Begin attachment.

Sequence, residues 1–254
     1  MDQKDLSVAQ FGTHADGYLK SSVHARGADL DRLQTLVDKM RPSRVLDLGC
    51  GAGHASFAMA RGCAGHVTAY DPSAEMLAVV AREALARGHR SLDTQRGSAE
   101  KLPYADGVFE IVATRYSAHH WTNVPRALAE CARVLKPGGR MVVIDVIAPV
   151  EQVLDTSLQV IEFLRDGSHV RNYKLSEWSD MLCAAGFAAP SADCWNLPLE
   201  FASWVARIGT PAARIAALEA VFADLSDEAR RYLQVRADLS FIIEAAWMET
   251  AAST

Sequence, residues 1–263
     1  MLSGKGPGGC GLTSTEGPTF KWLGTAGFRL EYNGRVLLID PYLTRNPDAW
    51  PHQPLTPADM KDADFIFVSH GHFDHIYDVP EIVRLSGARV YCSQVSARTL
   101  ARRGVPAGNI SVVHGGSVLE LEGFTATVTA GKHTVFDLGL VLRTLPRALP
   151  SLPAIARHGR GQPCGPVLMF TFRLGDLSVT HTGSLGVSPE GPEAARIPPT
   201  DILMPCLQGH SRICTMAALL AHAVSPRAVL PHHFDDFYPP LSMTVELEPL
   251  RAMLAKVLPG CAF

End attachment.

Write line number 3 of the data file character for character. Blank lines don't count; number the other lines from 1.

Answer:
    51  GAGHASFAMA RGCAGHVTAY DPSAEMLAVV AREALARGHR SLDTQRGSAE